LabCorp plans to market the test using its existing sales force. Reps will target and educate urologists.
“Our marketing is through educating our physician customers … in terms of clinical utility of the test, in conjunction with the information from the published literature,” Lai-Goldman said. “So our approach is generally an educational one.”
The test “goes beyond PSA and routine tissue biopsy and gets more information and this may assist the physician in waiting more comfortably in not having to go in immediately and having to re-biopsy the patient.”
According to Steven Anderson, vice president and chief scientific officer of molecular diagnostics at LabCorp, the specificity of methylated GST-Pi as a marker for prostate cancer is well established in published literature.
“This is a rapidly developing field, but if you look at where the applications are most mature, where there is the strongest support in the literature right now, prostate cancer and GST-Pi ranks up as one of the most well studied and supported in the literature as markers,” Anderson told Pharmacogenomics Reporter this week.
In a review article published in the Jan. 19, 2005, issue of the Journal of the National Cancer Institute, “Epigenetic Changes in Prostate Cancer: Implication for Diagnosis and Treatment,” authorsreported that in one study methylated GST-Pi detection in urine after prostatic massage was able to detect prostate cancer with a specificity of 98 percent and an overall sensitivity of 73 percent. However, another study that investigated post-biopsy urine samples, researchers found that the specificity and sensitivity of the marker was lower, 67 percent and 58 percent, respectively.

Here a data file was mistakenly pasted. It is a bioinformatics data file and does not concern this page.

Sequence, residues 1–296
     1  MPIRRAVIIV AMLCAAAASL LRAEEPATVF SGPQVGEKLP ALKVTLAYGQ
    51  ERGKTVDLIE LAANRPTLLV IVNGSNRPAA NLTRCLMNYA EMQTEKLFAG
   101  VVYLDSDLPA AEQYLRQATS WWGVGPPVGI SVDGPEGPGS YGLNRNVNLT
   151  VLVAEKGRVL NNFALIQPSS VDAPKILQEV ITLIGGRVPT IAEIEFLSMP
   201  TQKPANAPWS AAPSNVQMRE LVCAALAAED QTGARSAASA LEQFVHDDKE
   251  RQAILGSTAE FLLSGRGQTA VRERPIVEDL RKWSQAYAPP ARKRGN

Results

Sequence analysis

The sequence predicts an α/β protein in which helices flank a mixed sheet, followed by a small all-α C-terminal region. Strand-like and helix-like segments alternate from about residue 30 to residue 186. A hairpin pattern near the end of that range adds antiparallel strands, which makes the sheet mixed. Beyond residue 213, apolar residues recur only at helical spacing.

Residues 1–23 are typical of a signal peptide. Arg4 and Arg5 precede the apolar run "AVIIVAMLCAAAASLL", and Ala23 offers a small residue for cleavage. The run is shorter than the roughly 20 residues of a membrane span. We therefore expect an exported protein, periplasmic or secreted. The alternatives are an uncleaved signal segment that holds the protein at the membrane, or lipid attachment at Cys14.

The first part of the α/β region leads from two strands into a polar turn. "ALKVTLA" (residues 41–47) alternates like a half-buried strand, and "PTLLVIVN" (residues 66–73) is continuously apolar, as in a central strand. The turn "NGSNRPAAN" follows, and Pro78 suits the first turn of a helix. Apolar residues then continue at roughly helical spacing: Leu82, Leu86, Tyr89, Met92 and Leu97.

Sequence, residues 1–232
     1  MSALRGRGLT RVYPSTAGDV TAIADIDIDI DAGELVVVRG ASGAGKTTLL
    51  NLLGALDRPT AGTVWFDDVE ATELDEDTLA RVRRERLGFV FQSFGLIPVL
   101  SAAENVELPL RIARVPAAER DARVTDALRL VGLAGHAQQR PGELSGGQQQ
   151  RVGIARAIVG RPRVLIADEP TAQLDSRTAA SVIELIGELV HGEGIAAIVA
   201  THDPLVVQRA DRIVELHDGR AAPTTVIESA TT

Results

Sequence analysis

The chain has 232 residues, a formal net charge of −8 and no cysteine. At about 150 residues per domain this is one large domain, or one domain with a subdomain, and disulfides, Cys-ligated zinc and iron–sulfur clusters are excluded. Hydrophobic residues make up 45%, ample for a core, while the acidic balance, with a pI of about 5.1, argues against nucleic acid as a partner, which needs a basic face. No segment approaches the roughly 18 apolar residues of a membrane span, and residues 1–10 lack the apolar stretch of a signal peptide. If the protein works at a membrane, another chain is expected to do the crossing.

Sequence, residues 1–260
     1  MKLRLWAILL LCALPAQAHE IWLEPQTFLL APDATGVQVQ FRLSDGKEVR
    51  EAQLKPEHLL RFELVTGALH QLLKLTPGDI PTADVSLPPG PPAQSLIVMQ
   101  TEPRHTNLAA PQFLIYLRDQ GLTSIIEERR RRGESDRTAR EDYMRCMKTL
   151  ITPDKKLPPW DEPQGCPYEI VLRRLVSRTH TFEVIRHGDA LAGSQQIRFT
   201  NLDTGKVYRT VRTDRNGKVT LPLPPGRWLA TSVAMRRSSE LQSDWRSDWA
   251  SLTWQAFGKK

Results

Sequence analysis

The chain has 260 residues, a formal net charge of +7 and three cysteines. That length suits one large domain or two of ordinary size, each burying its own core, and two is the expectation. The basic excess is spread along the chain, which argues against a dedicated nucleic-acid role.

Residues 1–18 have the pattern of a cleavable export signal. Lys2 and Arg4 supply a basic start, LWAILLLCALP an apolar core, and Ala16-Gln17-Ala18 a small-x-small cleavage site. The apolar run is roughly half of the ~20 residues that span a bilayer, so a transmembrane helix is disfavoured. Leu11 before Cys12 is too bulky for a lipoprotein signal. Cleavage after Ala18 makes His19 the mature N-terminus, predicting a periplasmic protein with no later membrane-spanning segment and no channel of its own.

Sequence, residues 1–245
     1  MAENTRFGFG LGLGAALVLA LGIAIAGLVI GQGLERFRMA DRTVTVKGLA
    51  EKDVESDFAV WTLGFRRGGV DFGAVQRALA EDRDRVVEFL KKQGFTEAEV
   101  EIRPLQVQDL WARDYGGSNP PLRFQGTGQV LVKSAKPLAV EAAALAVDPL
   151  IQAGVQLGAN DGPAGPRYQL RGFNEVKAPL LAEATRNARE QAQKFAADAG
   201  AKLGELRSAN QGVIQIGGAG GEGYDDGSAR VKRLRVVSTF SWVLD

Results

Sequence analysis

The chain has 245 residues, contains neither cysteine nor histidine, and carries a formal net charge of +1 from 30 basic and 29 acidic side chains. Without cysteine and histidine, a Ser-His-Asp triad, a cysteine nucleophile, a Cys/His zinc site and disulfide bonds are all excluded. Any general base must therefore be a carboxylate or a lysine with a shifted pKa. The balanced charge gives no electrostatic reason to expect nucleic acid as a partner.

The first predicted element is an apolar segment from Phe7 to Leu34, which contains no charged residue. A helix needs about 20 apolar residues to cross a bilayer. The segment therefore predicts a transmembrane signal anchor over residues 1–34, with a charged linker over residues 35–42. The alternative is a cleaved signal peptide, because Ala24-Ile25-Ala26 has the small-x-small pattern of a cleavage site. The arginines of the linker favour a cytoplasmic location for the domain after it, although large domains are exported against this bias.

“Specificity and sensitivity were even lower if simple voided urine was used as the DNA source,” the authors note.
Still, the authors concluded in the Journal of the National Cancer Institute review article that although “ample evidence suggests that DNA methylation detection can serve as a promising tumor biomarker … in the prostate, only the [GST-Pi] gene shows sufficient specificity and sensitivity in detecting prostate cancer to warrant further testing as a tumor marker in patients’ body fluids such as serum, urine, and ejaculate.”
According to LabCorp, while there are other tests detecting GST-Pi for prostate cancer being used by academic scientists in a research setting. Veridex’s product is poised to be the first such test to be commercialized. The company said it is the first company to license the Veridex test.
DiagnoCure markets a PCA3 diagnostic test for prostate cancer. In addition, DeCode Genetics has discussed plans to develop and launch diagnostics that will test chromosome 8q markers for prostate cancer. In April, Illumina announced that scientists from the National Cancer Institute identified a new polymorphism correlated to prostate cancer using its Infinium HumanHap300 and HumanHap240S BeadChips.